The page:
As an expat you can still be astonished and overwhelmed by the positive aspects of your new life at any time.  Yes, you slot in to the day to day, and the familiarity of your new surroundings really do make your adopted nation home – but every once in a while you’ll still catch yourself staring at a sunset or being amazed at a beautiful vista.  This is another one of the best things about being an expat – i.e., discovering a whole new world and embracing it.

4)  ‘It took me a lot longer than expected to make proper friendships – and I still miss my old friends and my family’

Hannah: Spain

One of the hardest aspects of emigration is integration – it takes a long time to settle in completely, and to fully embrace your new nation as ‘home.’  Part of this slow integration process is re-establishing a support network, and making deep and lasting friendships.

You cannot really rush this part of expat life either – all you can do is take every opportunity to meet people, to socialise and then hopefully you will develop bonds and connections with new friends.

Those you have left behind, together with your family members will always be missed – but to alleviate this it’s really important to make time to host your friends and family and/or to visit them ‘back home.’

We all need friends and support in life – and when we move abroad we effectively cut ourselves off from our familiar and critical support network.  We have to rebuild that, and also nurture old friendships and family relationships as much as possible.  It can be hard work – but it is critical and ultimately rewarding as it allows for complete integration into your new nation and your new life.

5)  ‘Financially I am much better off abroad, but it has been hard to know how to make the most of my better fiscal fortune because there are no such things as ISAs where I live!’

Andy: Cyprus and Nev: Thailand

It is increasingly the case that Brits are moving abroad to positively benefit their financial position.  This may simply be because opportunities for employment in the UK are limited currently, or because people know that there are ways to save tax, earn more, spend less and enjoy greater financial freedom by moving abroad.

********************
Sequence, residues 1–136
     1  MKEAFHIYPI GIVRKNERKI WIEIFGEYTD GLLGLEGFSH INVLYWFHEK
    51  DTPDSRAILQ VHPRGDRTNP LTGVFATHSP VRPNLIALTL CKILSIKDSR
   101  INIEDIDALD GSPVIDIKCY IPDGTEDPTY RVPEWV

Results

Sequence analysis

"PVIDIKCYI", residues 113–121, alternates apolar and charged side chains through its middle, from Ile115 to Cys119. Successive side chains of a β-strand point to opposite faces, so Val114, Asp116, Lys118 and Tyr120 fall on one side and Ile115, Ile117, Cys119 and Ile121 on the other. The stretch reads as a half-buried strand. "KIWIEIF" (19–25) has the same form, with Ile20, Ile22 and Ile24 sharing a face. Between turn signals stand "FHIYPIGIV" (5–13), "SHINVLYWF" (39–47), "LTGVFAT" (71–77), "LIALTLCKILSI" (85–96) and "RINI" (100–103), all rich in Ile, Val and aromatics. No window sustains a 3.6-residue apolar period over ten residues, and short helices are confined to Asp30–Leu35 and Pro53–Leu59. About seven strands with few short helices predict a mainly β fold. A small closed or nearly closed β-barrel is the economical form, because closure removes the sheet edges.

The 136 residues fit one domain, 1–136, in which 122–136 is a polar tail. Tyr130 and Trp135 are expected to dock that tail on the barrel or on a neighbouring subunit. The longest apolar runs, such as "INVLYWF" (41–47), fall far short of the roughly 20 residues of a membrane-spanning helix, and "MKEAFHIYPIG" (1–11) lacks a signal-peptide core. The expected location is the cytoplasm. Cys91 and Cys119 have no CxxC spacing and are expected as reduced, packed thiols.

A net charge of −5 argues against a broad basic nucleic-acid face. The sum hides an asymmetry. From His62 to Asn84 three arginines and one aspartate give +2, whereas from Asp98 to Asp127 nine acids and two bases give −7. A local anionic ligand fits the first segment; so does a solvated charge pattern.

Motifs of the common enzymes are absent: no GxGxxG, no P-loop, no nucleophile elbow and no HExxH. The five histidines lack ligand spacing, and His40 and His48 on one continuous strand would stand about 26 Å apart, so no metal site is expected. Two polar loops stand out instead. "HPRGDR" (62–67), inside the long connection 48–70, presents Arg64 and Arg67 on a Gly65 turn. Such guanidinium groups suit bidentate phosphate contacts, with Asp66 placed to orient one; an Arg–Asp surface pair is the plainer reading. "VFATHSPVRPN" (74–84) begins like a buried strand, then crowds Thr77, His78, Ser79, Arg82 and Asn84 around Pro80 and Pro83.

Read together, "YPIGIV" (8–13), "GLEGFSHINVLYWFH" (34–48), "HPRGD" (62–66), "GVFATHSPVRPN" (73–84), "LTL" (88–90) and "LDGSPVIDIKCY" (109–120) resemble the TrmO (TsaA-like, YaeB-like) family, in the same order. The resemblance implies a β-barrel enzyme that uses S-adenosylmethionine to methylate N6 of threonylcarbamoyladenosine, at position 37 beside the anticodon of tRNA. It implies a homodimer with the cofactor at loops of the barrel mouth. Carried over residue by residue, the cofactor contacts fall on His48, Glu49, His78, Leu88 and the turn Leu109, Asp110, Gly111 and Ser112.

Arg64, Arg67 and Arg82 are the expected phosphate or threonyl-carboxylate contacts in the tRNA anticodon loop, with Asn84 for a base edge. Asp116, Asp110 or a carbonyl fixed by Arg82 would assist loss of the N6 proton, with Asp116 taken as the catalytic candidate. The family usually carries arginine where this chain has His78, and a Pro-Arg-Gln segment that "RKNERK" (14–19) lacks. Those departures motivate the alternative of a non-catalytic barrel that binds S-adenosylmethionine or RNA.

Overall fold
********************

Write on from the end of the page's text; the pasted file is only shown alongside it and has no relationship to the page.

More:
However, as a number of our expat readers highlighted, it can be so hard to make the very most of your improved financial position when you move abroad.  Traditional savings and investment paths – from ISAs to SIPPs for example – are redundant for most expats, and locally accessible financial options may be equally unappealing or unsuitable.

Whilst increasingly expats are becoming aware of their financial advantage and the fact that they can ‘go offshore’ with their wealth, actually finding the right way to do this can be very difficult indeed.  Local financial advisers can’t help, financial experts from back home aren’t correctly placed or even necessarily regulated to assist an expat – so where can they turn?

There are expert financial advisories out there which specialise in advising expats – i.e., they understand the unique tax situation an expatriate is in, they appreciate that their lifestyle may mean they are on the move regularly, they accept that their financial priorities and opportunities may differ and overall they have a great understanding of the best products and companies available in the offshore financial marketplace.

When choosing an adviser you can go by personal recommendation – but ultimately you have to look at where the advisory is registered and how they are regulated, you need to know the qualifications and skills level of your adviser and you need to understand that you must always do careful due diligence to ensure you’re trusting a qualified and regulated individual to assist you.

In Conclusion…

We have summarised and paraphrased the 5 most common aspects of expat life that our select handful of Expatra readers highlighted as the issues they wish they’d known about, (or known more about) before they moved abroad.  Hopefully this will give you some good insight into areas of your life you’ll perhaps need to think more carefully about before you relocate?

Moving abroad opens so many doors in terms of opportunities, but it’s not always a smooth path.  The more aware you are of the effort you will need to put in to making a complete success of your new life, the more likely you are to enjoy the process and indeed succeed in benefitting from a much better life abroad.